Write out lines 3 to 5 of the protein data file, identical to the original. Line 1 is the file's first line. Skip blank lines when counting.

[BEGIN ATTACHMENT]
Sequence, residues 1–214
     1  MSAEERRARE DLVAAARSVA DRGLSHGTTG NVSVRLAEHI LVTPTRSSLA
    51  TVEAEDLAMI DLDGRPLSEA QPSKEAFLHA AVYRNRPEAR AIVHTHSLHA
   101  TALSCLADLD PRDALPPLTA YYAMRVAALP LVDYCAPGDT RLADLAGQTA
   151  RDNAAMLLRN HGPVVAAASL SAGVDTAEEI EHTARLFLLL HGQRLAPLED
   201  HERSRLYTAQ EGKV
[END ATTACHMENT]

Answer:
    51  TVEAEDLAMI DLDGRPLSEA QPSKEAFLHA AVYRNRPEAR AIVHTHSLHA
   101  TALSCLADLD PRDALPPLTA YYAMRVAALP LVDYCAPGDT RLADLAGQTA
   151  RDNAAMLLRN HGPVVAAASL SAGVDTAEEI EHTARLFLLL HGQRLAPLED